Raw materials mining. State-of-the-art lithium-ion battery electrodes require a range of raw materials such as lithium and manganese metals for making anodes and cathodes, and lithium salts for synthesis of the battery electrolytes.  Pleasanton, CA-based Simbol Mining is one of the newest startups attempting to meet the looming demand for raw materials for electric vehicle batteries. Simbol’s process for extracting lithium carbonate from waste brine at geothermal power plants can already produce 1 ton of lithium carbonate per month in a pilot demonstration, enough raw material to support 1200 electrical vehicles per year.[3] 

Separators. While not the most technologically glamorous part of the cell, the separator – a porous, electrically insulating material located between the anode and cathode – is a critical cell component. Separators can improve safety by preventing spikes of metallic lithium “dendrites” from shorting the cell during aggressive charging, and serving as a shutoff mechanism in the event of cell thermal runaway. Lafayette, CO-based Porous Power has developed a laminable, porous separator that can be applied directly onto the electrode surface rather than simply placed on top of it, enabling a more fully integrated cell with improved safety and lower weight.[4] The company recently entered a $1.41 million partnership with Oak Ridge National Labs to help commercialize its technology and has also announced a partnership with Japan-based Chisso Corporation to help break into the huge Japanese market for lithium-ion technology.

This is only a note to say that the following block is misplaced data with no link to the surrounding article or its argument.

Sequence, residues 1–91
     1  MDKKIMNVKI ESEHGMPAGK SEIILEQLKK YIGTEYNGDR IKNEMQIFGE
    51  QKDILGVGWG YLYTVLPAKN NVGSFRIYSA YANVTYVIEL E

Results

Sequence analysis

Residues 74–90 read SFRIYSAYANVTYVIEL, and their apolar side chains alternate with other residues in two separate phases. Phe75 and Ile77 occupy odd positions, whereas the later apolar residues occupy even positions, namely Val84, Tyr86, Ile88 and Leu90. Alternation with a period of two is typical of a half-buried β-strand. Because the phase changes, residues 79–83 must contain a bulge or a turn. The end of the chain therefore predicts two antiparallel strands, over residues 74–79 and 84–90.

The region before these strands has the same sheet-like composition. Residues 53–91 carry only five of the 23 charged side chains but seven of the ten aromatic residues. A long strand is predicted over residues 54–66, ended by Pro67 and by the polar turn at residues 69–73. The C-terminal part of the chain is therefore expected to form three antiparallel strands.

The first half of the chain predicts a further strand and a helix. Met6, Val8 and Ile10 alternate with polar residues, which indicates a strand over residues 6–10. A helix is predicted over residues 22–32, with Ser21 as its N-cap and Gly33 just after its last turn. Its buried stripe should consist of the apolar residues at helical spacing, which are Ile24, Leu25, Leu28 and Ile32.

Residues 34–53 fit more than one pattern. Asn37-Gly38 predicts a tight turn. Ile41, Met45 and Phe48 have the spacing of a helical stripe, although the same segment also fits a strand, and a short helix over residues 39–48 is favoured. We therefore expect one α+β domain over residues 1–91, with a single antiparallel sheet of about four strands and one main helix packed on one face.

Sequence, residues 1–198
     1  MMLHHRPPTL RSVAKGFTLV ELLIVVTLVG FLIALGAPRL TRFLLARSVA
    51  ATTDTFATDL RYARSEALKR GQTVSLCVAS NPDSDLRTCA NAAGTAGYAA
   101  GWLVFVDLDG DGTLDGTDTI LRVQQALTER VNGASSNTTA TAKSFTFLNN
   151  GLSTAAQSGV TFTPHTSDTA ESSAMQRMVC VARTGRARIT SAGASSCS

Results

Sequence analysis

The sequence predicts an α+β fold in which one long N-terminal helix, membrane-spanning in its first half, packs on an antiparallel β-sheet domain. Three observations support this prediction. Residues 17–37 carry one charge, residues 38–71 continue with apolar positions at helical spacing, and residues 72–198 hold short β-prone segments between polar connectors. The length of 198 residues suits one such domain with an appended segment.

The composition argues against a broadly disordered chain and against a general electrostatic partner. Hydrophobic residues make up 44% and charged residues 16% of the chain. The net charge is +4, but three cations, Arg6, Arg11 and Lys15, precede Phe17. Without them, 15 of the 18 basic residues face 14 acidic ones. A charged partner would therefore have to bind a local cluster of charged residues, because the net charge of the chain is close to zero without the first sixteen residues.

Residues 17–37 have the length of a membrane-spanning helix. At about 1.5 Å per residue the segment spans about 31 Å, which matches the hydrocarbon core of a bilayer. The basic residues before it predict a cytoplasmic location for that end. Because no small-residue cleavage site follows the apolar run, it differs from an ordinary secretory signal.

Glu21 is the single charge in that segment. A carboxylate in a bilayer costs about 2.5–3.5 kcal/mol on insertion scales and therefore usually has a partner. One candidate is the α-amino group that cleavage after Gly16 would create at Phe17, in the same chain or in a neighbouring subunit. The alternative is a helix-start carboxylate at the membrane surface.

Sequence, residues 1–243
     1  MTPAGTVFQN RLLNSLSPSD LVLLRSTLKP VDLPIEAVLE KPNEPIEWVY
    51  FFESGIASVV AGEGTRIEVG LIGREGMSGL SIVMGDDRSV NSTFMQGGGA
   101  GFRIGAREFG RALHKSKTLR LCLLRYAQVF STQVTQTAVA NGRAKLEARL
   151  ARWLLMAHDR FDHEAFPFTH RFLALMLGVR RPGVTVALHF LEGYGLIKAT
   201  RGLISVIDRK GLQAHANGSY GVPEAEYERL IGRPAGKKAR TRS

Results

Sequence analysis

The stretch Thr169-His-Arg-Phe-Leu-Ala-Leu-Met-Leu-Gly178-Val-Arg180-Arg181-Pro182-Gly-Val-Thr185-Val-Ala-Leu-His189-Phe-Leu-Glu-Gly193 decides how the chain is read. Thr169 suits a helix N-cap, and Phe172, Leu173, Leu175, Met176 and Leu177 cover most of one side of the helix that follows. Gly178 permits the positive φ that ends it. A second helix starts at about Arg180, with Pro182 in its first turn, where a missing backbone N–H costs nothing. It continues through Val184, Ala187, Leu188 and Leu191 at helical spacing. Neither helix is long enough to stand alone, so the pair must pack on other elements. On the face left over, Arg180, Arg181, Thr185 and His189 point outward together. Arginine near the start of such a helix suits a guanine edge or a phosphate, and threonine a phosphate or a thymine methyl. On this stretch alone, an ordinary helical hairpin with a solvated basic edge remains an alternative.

Pack integration and electronics. Currently, EV makers perform the integration of commercial cells into modules and packs that are optimized on a case-by-case basis to fit the specific design, safety, and space constraints of vehicles. However, in-house pack design is costly and time-consuming, especially since EV makers need to adapt quickly to an evolving battery supply market as chemistries change, safety improves, and cells become increasingly energy-dense. One company, Electrovaya, has identified a growing need for customized modules that can accommodate a variety of cell chemistries and various end uses. They specialize in prismatic, laminated pouch cells that allow more volume-efficient packing into battery modules than cylindrical canisters and can accommodate a range of cell chemistries using their SuperPolymer technology platform[5]. Electrovaya also provides proprietary intelligent circuitry to monitor cell performance and ensure safety and long cell lifetime. Another company, Flux Power, is developing modular systems based on lithium-ion technology that can be customized for a range of applications from electric vehicles to backup power. Flux Power is also developing a proprietary battery management unit (the circuitry that lets the vehicle computer talk to individual cells and monitor cell health) as well as high-performance chargers.[6]